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PSD2: move with the times or get out of the race

Heads up guys, PSD2 is coming to a payment screen near you.

For those who aren’t already familiar with PSD2, here’s a quick trailer:

Anish Kapoor, CEO at AccessPay outlines the tech and business trends impacting corporates, and the ways they can respond to challenges that arise | Video by Finextra

So what is PSD2?

In essence, PSD2 is an overhaul of PSD1 (the Payment Services Directive), which was launched by the European Commission in 2007 as a way of modernising and standardising payments system operations across the EU.

The aim was to make cross-border payments as safe as national payments and encourage further transparency.

PSD1 achieved some success, but is often described as a rocky road to navigate. With some ambiguous guidelines leading to legal uncertainty around how institutions and providers should operate.

And with prolific innovation and changes to consumer purchasing since launch, a revised version really was needed.

What’s the big idea?

The commission says it ‘will help the payments framework better serve the needs of an effective European payments market, fully contributing to a payments environment which nurtures competition, innovation and security’.

Cutting through the jargon, this has implications for both industry and the general populace.

For the general public, this means quicker, more transparent services. Access to money and digital apps offering a global view of their finance and more help to manage funds.  More secure purchases on mobile devices, with better options to retrieve funds in the event of fraud.

For the industry, this will result in a much more competitive, innovative & regulated environment; where each player needs to move with the times or get out of the race.

Unregulated third party service providers (TPPs) have been operating successfully for some time in a number of member states. But now, they fall under the PSD2. Forcing compliance with certain security and insurance measures whilst equally removing barriers from entering more of the market. Crucially, new providers can emerge.

Payment Initiation Services will offer an alternative to cards by ‘pushing’ money from the buyer’s account straight to the merchant. This will undoubtedly decrease revenue streams for banks and card companies, giving merchants better visibility of payments.

Data shows that banks could be poised to lose 43% of retail payment revenue streams by 2020. That is, if they don’t act towards making themselves more appealing to both merchants and customers.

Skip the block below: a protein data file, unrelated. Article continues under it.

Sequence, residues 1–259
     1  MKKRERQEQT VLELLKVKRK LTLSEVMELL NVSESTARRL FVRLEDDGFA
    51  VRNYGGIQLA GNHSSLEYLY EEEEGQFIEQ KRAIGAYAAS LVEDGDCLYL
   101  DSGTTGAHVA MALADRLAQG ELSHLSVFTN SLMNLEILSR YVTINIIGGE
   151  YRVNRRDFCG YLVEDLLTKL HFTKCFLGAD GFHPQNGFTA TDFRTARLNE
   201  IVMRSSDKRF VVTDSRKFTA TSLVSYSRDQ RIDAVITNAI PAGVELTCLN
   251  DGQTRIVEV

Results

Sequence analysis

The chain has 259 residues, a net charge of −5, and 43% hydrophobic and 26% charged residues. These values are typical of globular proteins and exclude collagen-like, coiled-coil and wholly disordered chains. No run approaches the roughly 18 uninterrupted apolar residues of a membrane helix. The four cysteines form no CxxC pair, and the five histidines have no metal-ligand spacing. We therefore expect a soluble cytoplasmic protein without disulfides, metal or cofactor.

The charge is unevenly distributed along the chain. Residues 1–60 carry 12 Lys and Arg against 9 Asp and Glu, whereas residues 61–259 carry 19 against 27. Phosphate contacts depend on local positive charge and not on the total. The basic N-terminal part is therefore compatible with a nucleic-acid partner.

Card fees will also be capped under PSD2. This is good for consumers; who will save on products as merchants will no longer have to pass card fees on to them.

For the traditional players, it looks a bit gloomier. Banks can be reassured though, because – after the initial negative financial implications – this could mean that smaller merchants are willing to accept cards. Thus making it a volume play.

Time to turn the juggernaut

Most banks are currently struggling with outdated legacy systems, once efficient at dealing with their core products.

Now, dismally unequipped to support new functions, services and products that 24/7 consumers are demanding. In fact,  research shows only 14% are ready for PSD2.

There is a dire need for them to embrace developers, who can quickly build scalable solutions to deal with their new competitors.

What banks do already have, however, is customer loyalty. They can build on customer trust by creating intuitive and easy-to-use application suites so that businesses and consumers know what’s on offer.

Both merchants and consumers, particularly businesses, will be unsure how they can benefit and change under PSD2. Banks should be leading the way in showing them.

If the commission wants to create a level playing field, they’ve pretty much achieved it. Whilst new TPPs have the upper hand with innovations, they will have to jump through regulatory hoops that they are perhaps not used to.

Banks, on the other hand, are seasoned at dealing with regulatory bodies. If they see this as an opportunity rather than a red tape, compliance-based task, they can use PSD2 as a launch pad to truly flourish, so everyone benefits.

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